Giles Coren is wrong and I went to Bar Boulud with the intention of showing this. Semi- unfortunately it was not the restaurant to do it with.
I got back from holiday and had a flick through The Times at my parent’s house. I don’t normally read The Times as I like immigrants and don’t care about celebrity gossip. I was curious to see what Giles Coren was ranting about this week in his review of Bar Boulud and found him high in the ridiculous stakes with his views on anonymity.
Giles Coren’s stance on anonymous dining is simple: restaurants “can only serve [Coren] the same food they serve to little old you”. Well putting the patronising aside from a man whose daddy was a very successful journalist, he is wrong. They can serve very different food. And as he seems to accept the service can be different, very different.
I asked Jen, from her experience in working in food TV for 10 years, what restaurants did when they spotted critics. The answer was simple, they write VIP on the tickets and the head chef will supervise and improve every element of every dish before it goes out to the critic. It would be madness to do otherwise. That critic can mean that difference between success and failure.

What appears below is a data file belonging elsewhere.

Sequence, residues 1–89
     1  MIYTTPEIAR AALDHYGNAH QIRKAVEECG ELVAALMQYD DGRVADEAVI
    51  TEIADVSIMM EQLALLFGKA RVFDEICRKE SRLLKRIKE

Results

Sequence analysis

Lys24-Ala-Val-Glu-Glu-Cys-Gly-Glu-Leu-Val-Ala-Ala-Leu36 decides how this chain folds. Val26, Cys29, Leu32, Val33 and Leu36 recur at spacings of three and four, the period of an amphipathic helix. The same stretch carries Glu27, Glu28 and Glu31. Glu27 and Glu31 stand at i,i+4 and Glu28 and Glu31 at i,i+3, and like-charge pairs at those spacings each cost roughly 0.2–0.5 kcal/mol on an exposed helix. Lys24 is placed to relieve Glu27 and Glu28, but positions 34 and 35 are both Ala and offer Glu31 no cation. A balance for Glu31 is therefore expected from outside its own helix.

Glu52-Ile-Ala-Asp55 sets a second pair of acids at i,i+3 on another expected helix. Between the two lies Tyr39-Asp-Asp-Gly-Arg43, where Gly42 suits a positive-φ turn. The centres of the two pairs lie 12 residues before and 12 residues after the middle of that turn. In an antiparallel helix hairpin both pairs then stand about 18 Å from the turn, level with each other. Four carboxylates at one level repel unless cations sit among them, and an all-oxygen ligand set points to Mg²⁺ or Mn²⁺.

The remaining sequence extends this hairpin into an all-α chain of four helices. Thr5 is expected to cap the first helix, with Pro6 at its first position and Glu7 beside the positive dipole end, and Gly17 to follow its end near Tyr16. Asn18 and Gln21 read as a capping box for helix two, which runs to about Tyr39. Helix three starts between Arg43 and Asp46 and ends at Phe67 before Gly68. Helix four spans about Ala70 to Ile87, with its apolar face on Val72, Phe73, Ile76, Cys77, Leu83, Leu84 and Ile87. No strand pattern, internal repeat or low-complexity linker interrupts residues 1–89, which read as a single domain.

That is why Coren’s self justification on the merits of his reviews is so desperate. Does he really not realise that he receives wholly different food and service from us? Or, is this a defensive manoeuvre from a man who recognises that he peddles stories and fantasies about restaurants that the public’s experience will rarely match?
So when he delves into his cupboard of vitriol and mockery to criticise the NY Times reviewer Ruth Reichl for visiting restaurants in elaborate disguises so she could eat anonymously… well, I am less than impressed. Does he hold similar content for anonymous reviewers such as Marina from the Metro or the entirety of Time Out’s Food and Drink section?
Anyway, the reason Bar Boulud was not the right restaurant to demonstrate that we, the public, get different meals from critics and that anonymity matters was that the service is fantastic. Bloody brilliant. Eager, knowledgeable, trained.
The food was also not wholly different from Coren’s experience. It was good, efficient stuff. You couldn’t pick an obvious flaw. The charcuterie we had to start was excellent but when you buy cold cuts and terrines from one of the world’s best charcuteriers, shouldn’t it be? The burger I had was good, the pulled pork on top a nice addition, cooked medium rare. Jen’s boudin blanc was truffley and indulgently rich. So, what isn’t to recommend?
Well it was boring. Impersonally so. The room is a triumph of ladies who lunch. It is devoid of emotion, expression or anything to draw the eye. There is nothing to distract you from the food which is not remarkable enough to distract you from discussions about the stock market or whatever else the rich and indulgent who dine there muse about.
One day after dining there I can barely remember the meal. However, subsequent meals I’ve had this week at Chilli Cool and Koya are still on my tongue and making smile slyly.
Price – £100 for three
PS and for the context have a look at Marina O’Loughlin’s 3 out of 5* review in the Metro (here) and I would link to Giles Coren’s review but, well, it is paywalled now so you will have to either live in the home counties and subscribe or, erm, well live without it